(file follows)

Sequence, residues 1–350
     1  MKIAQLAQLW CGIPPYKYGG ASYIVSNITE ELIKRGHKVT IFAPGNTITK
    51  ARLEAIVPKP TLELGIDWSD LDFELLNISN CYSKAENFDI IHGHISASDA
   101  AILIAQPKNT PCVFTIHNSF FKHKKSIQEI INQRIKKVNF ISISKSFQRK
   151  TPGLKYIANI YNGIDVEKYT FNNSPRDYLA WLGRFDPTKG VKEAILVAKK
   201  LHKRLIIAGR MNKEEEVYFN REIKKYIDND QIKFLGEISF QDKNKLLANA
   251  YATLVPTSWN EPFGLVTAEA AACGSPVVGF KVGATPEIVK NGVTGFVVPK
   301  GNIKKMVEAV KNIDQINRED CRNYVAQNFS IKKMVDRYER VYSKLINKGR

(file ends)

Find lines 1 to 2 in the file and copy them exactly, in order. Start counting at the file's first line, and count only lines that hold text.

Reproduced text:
Sequence, residues 1–350
     1  MKIAQLAQLW CGIPPYKYGG ASYIVSNITE ELIKRGHKVT IFAPGNTITK